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Mixed messages from Trump on China trade war during G7 – Global News

August 25th, 2019

Injecting fresh uncertainty at a time of global economic jitters, President Donald Trump sent mixed messages Sunday on the U.S.-China trade war as leaders at a global summit pushed the unpredictable American president to ease frictions over tariffs and co-operate on other geopolitical challenges.

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Trump’s head-snapping comments at the Group of Seven summit about his escalating trade fight with China — first expressing regret, then amping up tariff threats — represented just the latest manifestation of the hazards of the president’s go-it-alone mantra. Allies fault his turbulent trade agenda for contributing to a global economic slowdown.

READ MORE: Trudeau meets with Trump at G7 summit with focus on trade, economic issues

Despite Trump’s insistence that reports of U.S. tensions with allies are overblown, fissures between the U.S. and six of the world’s other advanced economies were apparent on trade policy, Russia and Iran as the leaders gathered at a picturesque French beach resort.

Two days after the U.S. and China traded a fresh round of retaliatory tariffs and Trump threatened to force U.S. businesses to cut ties with China, the president appeared to harbour qualms about the trade war, which has sent financial markets tumbling.

WATCH: Trump says ‘not the biggest fan’ of tech companies but unhappy with France technology tax

Asked during a meeting with British Prime Minister Boris Johnson if he had any second thoughts about escalating the trade conflict, Trump told reporters, “Yeah. For sure.”

He added, “I have second thoughts about everything.”

Hours later, the White House backpedaled. Press secretary Stephanie Grisham issued a statement saying the press had “greatly misinterpreted” Trump’s comments. She said the president only responded “in the affirmative – because he regrets not raising the tariffs higher.”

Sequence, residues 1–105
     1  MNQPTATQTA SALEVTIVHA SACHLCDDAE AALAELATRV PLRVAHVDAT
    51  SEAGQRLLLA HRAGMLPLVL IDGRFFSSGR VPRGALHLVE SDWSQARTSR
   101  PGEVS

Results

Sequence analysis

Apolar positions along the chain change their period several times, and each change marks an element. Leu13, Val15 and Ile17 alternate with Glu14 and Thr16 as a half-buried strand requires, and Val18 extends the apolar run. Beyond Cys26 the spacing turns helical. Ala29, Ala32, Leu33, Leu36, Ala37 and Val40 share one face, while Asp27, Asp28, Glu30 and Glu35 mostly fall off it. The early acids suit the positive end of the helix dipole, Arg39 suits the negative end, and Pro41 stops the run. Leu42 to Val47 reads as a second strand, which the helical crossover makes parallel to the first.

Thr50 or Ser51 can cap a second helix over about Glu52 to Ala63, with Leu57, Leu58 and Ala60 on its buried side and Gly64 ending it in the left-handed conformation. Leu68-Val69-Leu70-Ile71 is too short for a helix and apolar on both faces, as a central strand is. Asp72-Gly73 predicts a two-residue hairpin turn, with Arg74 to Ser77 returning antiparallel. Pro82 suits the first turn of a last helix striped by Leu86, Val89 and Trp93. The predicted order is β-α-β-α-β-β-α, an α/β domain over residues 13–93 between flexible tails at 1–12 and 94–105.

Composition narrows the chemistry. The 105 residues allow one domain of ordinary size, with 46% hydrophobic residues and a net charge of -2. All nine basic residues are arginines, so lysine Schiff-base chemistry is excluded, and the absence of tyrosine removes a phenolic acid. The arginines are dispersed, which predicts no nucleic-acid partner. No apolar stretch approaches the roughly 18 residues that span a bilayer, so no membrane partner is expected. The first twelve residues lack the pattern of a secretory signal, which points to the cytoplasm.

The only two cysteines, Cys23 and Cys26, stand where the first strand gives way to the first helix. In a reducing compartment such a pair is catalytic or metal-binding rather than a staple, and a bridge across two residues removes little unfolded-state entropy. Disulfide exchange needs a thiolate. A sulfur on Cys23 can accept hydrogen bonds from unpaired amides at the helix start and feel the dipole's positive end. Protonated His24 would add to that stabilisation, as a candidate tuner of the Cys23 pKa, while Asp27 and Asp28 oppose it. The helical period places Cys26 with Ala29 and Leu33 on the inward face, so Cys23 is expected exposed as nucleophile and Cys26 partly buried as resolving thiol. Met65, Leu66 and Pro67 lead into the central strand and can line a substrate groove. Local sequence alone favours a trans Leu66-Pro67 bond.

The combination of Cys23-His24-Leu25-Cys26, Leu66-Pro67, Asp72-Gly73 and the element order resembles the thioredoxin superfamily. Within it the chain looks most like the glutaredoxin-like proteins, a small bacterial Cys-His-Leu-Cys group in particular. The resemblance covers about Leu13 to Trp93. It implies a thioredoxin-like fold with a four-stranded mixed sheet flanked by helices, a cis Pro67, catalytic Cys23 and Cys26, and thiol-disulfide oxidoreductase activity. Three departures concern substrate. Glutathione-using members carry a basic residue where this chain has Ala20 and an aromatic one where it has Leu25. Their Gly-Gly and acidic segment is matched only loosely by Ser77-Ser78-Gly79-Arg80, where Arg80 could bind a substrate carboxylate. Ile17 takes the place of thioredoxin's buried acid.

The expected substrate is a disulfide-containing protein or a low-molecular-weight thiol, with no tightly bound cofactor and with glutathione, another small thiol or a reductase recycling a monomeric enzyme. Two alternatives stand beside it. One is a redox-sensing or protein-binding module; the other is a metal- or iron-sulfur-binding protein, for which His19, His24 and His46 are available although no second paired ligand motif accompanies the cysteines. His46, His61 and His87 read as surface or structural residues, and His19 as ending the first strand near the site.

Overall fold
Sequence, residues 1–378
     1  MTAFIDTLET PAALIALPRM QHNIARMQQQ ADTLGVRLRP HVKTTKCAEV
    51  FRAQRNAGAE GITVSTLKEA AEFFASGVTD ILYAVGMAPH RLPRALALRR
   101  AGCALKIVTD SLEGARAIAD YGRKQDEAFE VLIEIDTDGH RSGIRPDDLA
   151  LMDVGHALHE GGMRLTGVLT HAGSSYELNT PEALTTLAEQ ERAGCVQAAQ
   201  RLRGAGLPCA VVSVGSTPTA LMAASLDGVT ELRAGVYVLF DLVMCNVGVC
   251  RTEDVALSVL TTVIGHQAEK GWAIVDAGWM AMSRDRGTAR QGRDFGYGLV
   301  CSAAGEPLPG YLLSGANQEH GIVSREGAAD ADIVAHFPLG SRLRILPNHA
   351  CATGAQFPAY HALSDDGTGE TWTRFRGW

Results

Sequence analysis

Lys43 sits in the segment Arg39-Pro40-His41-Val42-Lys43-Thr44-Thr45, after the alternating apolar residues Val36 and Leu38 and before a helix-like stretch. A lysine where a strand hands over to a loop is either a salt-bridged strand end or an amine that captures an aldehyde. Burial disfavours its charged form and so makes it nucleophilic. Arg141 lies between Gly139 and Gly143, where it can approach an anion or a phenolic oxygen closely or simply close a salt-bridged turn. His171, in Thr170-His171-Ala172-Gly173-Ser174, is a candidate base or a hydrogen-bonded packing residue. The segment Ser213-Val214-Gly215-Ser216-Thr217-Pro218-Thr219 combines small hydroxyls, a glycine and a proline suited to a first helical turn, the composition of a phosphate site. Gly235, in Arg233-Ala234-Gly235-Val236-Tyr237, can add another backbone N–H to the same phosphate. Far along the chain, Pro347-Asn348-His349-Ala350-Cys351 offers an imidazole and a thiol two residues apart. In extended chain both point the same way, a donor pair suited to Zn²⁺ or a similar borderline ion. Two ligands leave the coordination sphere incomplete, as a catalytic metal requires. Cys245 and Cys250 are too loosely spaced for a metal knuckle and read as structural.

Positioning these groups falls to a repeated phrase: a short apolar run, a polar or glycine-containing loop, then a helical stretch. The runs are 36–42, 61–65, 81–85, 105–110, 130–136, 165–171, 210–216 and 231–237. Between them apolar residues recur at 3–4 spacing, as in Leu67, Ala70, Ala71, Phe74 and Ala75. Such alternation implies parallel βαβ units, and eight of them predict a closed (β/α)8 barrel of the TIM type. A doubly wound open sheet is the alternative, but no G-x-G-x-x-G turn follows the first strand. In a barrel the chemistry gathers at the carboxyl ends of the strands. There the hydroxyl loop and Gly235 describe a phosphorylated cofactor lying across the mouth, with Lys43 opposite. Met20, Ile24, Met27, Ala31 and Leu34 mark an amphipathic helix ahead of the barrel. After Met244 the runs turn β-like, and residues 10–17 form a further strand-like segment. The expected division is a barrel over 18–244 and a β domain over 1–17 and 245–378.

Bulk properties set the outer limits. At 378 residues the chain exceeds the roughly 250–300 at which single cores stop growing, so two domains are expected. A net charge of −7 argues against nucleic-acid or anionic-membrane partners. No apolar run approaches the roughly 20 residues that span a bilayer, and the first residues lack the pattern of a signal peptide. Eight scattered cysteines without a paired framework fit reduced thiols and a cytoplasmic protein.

READ MORE: Trudeau meets with U.K., Japan prime ministers ahead of G7 summit

White House economic adviser Larry Kudlow, who was in the room when Trump spoke and was later interviewed by CBS’ “Face the Nation,” offered his own explanation.

Kudlow claimed Trump “didn’t quite hear the question” although reporters asked the president three times whether he had any second thoughts about ramping up the trade war and he responded three times.

At first, Trump’s admission appeared to mark a rare moment of self-reflection by the famously hardnosed leader. The subsequent explanation fits a pattern of Trump recoiling from statements he believes suggest weakness.

WATCH: G7 leaders meet to talk trade, climate change at Biarritz summit

Earlier this month, Trump backed off on a threat to place even tougher tariffs on Chinese imports as aides fretted about their impact on the holiday shopping season and growing fears of a recession in the U.S.

Trump had hoped to use the summit to rally other leaders to do more to stimulate their economies, as fears rise of a potential slowdown in the U.S. before he stands for reelection in November 2020.

READ MORE: Trump faces limits of go-it-alone stance at the G7 summit in France

Johnson, for his part, praised Trump for America’s economic performance — but chided the U.S. leader for his unbending China policy.

“Just to register a faint sheep-like note of our view on the trade war,” he told Trump. “We’re in favour of trade peace.”

Trump said he had “no plans right now” to follow through on his threat of an emergency declaration, but he insisted he would be within his rights to use a 1977 law designed to target rogue regimes, terrorists and drug traffickers as the newest weapon in the clash between the world’s two largest economies

“If I want, I could declare a national emergency,” Trump said. He cited China’s theft of intellectual property and the large U.S. trade deficit with China, saying “in many ways that’s an emergency.”

WATCH: Trump arrives in Biarritz for G7 summit

For all of that, Trump disputed reports of friction with other G-7 leaders, saying he has been “treated beautifully” since he arrived.

The cracks started to emerge moments later after the French government said the leaders had agreed at a Saturday dinner that French President Emanuel Macron would deliver a message to Iran on behalf of the group.

Trump denied he had signed off on any such message.

WATCH: Trump says China tariffs ‘doing very well’ for the U.S.

“No, I haven’t discussed that,” he told reporters during a meeting with Japanese Prime Minister Shinzo Abe.

Administration officials said Trump was noncommittal when the leaders discussed the subject of a message to Iran during a conversation about Iran’s nuclear program.

For several months, Macron has assumed a lead role in trying to save the 2015 nuclear accord, which has been unraveling since Trump pulled the U.S. out of the agreement. The French went even further Sunday, inviting Iranian Foreign Minister Jawad Zarif to Biarritz in a bid to open talks meant on lowering tensions.